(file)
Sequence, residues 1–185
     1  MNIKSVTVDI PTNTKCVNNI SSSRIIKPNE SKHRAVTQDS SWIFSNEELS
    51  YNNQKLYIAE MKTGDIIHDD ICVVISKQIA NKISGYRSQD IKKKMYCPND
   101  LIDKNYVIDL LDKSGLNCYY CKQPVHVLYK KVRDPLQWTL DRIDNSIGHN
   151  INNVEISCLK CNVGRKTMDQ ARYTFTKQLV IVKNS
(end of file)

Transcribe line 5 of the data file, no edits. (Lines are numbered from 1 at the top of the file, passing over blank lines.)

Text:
   151  INNVEISCLK CNVGRKTMDQ ARYTFTKQLV IVKNS